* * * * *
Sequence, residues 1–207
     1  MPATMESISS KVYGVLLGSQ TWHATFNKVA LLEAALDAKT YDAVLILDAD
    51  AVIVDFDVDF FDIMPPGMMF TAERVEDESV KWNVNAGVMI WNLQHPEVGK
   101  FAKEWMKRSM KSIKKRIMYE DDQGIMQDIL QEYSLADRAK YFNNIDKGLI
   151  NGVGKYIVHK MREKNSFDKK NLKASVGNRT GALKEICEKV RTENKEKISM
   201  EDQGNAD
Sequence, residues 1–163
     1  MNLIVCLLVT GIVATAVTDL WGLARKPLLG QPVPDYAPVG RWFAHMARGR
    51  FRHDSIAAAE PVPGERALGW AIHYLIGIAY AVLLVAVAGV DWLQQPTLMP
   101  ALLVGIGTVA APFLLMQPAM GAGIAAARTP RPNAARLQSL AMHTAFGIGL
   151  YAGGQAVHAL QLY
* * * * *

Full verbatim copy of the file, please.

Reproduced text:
Sequence, residues 1–207
     1  MPATMESISS KVYGVLLGSQ TWHATFNKVA LLEAALDAKT YDAVLILDAD
    51  AVIVDFDVDF FDIMPPGMMF TAERVEDESV KWNVNAGVMI WNLQHPEVGK
   101  FAKEWMKRSM KSIKKRIMYE DDQGIMQDIL QEYSLADRAK YFNNIDKGLI
   151  NGVGKYIVHK MREKNSFDKK NLKASVGNRT GALKEICEKV RTENKEKISM
   201  EDQGNAD
Sequence, residues 1–163
     1  MNLIVCLLVT GIVATAVTDL WGLARKPLLG QPVPDYAPVG RWFAHMARGR
    51  FRHDSIAAAE PVPGERALGW AIHYLIGIAY AVLLVAVAGV DWLQQPTLMP
   101  ALLVGIGTVA APFLLMQPAM GAGIAAARTP RPNAARLQSL AMHTAFGIGL
   151  YAGGQAVHAL QLY